Calcium Takes a Hit in Bone Health

Calcium wasn’t a total washout if you look at the actual study, a 1% difference in bone mineral density in the first year in a comparison of studies, so the press is a little off….but still doesn’t translate to a big change for bone health. Why?

This is because important to also be controlling inflammation, balancing hormones, and balancing a lot of other nutrients, such as protein and minerals. (Calcium Supplements Aren’t Doing Your Bones Any Good, Studies Say. Time. September 2015)


What’s the Science Behind the New Dietary Guidelines?

The expert report underpinning the next set of US Dietary Guidelines for Americans fails to reflect much relevant scientific literature in its reviews of crucial topics and therefore risks giving a misleading picture, an investigation by The BMJ has found. The omissions seem to suggest a reluctance by the committee behind the report to consider any evidence that contradicts the last 35 years of nutritional advice. (BMJ 2015;351:h4962 .http://www.bmj.com/content/351/bmj.h4962)

Retraction Watch; Tracking retractions as a window into the scientific process: Following criticism, BMJ “clarifies” dietary guidelines investigation









Antibiotics Linked to Type 2 Diabetes

Antibiotic use was associated with an increased risk for type 2 diabetes in a new population-based, case-control study.

The findings were published online August 27, 2015 in the Journal of Clinical Endocrinology and Metabolism by Kristian Hallundback Mikkelsen, MD, a PhD student at the Center for Diabetes Research, Gentofte Hospital, University of Copenhagen (Hellerup, Denmark) and colleagues. (Medscape. August 27, 2015)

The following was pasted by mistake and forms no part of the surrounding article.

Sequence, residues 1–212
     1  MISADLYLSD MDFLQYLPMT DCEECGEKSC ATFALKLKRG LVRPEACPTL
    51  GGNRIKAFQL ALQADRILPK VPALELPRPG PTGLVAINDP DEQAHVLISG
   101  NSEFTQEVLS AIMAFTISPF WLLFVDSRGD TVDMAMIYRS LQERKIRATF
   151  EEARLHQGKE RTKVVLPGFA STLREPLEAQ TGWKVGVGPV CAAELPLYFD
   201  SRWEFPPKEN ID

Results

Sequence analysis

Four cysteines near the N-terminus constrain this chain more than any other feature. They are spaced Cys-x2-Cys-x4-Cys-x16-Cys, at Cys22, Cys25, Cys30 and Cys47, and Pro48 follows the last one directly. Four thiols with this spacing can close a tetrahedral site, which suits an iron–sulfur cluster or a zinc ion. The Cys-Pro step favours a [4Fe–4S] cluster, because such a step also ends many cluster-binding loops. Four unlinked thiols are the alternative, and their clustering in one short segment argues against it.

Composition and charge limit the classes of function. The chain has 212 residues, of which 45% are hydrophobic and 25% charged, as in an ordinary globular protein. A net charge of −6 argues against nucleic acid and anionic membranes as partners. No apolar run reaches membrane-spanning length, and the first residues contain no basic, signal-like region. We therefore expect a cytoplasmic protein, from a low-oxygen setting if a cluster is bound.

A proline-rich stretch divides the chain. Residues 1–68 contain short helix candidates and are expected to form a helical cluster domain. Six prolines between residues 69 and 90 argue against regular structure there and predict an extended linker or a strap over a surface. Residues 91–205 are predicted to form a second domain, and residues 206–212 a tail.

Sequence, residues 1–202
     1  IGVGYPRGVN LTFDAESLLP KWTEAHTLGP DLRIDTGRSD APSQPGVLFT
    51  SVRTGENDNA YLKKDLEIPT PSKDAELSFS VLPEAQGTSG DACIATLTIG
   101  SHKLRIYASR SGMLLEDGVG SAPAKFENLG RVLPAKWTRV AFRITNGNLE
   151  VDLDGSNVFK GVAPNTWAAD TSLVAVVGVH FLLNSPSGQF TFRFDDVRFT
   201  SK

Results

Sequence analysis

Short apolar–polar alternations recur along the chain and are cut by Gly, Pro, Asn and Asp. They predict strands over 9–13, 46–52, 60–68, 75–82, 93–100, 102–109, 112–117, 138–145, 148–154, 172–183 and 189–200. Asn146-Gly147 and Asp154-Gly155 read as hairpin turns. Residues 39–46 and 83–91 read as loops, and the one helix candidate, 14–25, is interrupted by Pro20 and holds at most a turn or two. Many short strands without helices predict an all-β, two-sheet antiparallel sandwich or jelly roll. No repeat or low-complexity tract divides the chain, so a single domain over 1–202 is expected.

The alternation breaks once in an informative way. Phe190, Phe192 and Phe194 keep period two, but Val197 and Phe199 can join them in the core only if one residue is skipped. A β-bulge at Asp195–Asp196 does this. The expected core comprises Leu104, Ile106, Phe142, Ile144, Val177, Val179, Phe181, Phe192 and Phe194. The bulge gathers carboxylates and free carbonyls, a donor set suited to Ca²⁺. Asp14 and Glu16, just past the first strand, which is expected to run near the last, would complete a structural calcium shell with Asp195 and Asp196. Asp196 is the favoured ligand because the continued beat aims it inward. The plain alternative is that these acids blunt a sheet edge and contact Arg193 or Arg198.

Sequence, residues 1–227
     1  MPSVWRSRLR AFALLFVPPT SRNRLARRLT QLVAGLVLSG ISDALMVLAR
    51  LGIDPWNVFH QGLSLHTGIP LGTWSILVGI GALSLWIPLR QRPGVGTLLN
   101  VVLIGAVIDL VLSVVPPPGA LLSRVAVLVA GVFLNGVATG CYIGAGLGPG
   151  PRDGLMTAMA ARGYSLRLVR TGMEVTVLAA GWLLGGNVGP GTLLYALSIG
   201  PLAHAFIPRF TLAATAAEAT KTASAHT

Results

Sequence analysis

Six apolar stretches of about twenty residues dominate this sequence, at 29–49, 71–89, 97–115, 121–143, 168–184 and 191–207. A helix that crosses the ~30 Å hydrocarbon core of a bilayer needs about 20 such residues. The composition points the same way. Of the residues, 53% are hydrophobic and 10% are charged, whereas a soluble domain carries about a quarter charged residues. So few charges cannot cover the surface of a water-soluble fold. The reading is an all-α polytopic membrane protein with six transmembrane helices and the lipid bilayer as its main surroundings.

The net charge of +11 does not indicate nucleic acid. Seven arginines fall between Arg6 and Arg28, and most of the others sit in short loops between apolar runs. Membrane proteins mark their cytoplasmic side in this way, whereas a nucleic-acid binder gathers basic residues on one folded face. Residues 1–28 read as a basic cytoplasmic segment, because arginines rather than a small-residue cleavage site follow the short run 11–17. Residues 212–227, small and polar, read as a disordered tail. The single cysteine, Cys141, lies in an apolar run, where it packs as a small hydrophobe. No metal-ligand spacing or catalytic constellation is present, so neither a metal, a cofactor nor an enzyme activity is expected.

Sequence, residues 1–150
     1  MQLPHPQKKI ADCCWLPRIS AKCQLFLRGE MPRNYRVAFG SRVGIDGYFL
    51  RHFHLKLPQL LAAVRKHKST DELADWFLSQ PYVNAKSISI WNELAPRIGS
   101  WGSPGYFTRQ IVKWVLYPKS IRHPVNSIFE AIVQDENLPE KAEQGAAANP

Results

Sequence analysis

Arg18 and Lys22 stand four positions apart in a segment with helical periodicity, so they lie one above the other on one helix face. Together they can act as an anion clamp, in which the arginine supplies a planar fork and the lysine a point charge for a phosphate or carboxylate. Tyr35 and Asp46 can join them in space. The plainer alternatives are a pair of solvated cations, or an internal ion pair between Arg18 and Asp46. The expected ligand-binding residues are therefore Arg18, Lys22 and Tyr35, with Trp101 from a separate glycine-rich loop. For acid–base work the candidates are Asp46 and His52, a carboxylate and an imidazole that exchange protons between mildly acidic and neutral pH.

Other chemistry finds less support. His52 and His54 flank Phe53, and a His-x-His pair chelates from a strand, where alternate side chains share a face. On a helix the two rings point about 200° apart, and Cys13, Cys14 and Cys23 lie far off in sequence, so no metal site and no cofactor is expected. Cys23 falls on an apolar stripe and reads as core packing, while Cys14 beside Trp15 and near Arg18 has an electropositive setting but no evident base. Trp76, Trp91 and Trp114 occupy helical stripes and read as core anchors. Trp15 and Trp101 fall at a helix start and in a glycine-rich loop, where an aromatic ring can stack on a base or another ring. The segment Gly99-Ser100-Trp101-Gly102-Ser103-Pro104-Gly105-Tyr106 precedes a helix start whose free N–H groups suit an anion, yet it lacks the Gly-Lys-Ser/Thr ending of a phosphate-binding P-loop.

FDA Approves 2nd Cholesterol Drug in New Class

The U.S. Food and Drug Administration on Thursday approved a second drug that’s part of a potent new class of medications that sharply cut levels of “bad” LDL cholesterol. Repatha (evolocumab), an injectable drug, works by blocking a protein that interferes with the liver’s ability to remove LDL cholesterol from the blood. (Health Day, August 27, 2015)


Are Your Blood Sugar Drugs Giving You Joint Pain?

Use of a class of widely prescribed medications for type 2 diabetes is tied to severe joint pain in some patients, the U.S. Food and Drug Administration warned on Friday. The drugs — sitagliptin (Januvia), saxagliptin (Onglyza), linagliptin (Tradjenta) and alogliptin (Nesina) — come from a newer class of medications called DPP-4 inhibitors. (Health Day, August 28, 2015)

Canaglifozin and Fracture Risk

The US Food and Drug Administration (FDA) has strengthened its warning for canagliflozin (Invokana, Invokamet, Johnson & Johnson/Janssen) related to the increased risk for bone fractures. (Medscape, September 10, 2015)